Other Free Encyclopedias » Medicine Encyclopedia » Aging Healthy - Part 4 » Status of Older People: Tribal Societies - Longevity, The Cultural Construction Of Elders And Older Adulthood, Gender And Age, Old Age In Myth And Folklore

Status of Older People: Tribal Societies - The Cultural Construction Of Elders And Older Adulthood

age aging social elderhood social age persons

The construct of a stage of elderhood or of later adulthood appears to exist in all tribal societies and is largely based on combining social and functional definitions of one’s place in the life cycle. Often there is a distinction between elderhood as a marker of social maturity in relation to others in the community contrasted to boundaries of old age that can take some of the criteria of elderhood and combine them with how a person’s physical being and behavior reflects the biological aging process. Elderhood on the one hand is a relative status marker, accomplished by passing through ritual transitions, and is not necessarily tied to extended chronological years. Persons who do not pass these ritual markers will not be considered elders no matter what their age. Among Australian aboriginal tribes as well as in Africa, persons could enter the beginning ranks of elderhood in their early thirties and proceed over time and through ritual passage into different elder statuses.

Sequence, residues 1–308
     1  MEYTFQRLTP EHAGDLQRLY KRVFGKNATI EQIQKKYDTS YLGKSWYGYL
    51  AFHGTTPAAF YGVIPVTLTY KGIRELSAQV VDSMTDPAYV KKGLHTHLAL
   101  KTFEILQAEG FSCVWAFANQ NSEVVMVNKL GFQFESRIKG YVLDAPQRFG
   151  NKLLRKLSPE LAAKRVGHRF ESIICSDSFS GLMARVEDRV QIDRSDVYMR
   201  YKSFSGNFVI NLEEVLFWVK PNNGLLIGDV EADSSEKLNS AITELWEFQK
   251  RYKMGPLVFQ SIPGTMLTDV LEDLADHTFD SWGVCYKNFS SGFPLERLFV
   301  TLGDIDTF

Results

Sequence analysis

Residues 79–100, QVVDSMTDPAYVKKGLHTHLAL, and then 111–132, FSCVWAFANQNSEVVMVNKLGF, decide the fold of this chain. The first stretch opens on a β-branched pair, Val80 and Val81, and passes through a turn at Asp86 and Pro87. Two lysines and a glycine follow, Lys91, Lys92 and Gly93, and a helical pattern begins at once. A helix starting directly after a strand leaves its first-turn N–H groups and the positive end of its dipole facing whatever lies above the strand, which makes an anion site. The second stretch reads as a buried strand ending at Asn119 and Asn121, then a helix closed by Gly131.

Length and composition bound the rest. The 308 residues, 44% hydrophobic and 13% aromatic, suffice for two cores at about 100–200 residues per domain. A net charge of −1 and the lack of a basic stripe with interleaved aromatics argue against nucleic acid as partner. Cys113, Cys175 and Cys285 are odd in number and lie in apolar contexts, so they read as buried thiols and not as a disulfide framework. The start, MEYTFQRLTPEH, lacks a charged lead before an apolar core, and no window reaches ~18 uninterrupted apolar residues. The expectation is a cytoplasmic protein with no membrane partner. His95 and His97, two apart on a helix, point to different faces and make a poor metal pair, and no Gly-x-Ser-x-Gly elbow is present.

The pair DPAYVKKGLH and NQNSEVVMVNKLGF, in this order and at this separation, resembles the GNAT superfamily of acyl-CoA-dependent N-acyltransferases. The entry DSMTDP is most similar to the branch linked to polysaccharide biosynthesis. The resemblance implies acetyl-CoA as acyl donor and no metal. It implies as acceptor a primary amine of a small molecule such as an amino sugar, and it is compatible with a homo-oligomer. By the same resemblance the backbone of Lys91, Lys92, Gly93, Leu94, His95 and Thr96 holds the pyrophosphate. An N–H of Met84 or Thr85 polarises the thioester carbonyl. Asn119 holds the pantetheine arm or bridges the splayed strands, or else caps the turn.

Older adulthood on the other hand links changes in the persons physical being (reduction of work capacity, beginning of menopause) with social changes (such as the birth of grandchildren) to create a culturally defined sense of oldness, which like elderhood, can have various gradations that can even extend beyond the point of death. Steve Albert and Maria Cattell make a helpful distinction between old age, ancients, and ancestors. The first notion of old age typically begins in tribal societies between the fourth and fifth decades of life, with a change in social/economic role being the most common beginning marker (Glascock and Feinman).

Factors such as invalid status and senility are quite rare as primary indicators of a general designation of old, since tribal culture begins using such labels before such changes are likely. However, many tribal societies also recognize those truly ancient adults who show sharp declines in functional skills as a different category of old, which may lead to a dramatic loss of status and even neglect and actions that hasten a person’s death (Glascock).

Ancestorhood is another social category very common among tribal cultures. In such societies, whether in the Amazon or Sub-Saharan Africa, ancestral spirits remain part of the family system and have the ability to affect the lives of their descendants, both for good and evil. In some societies, such as the Tiriki of Kenya, ancestral spirits are perceived to be the mystical source of all human life and vitality (Sangree). Very old adults that are close to death are thought to have a special connection to ancestors and may ask them to intercede on behalf of their family, or even call upon them to curse a kinsperson who is acting badly.

Status of Older People: Tribal Societies - Gender And Age [next] [back] Status of Older People: Tribal Societies - Longevity

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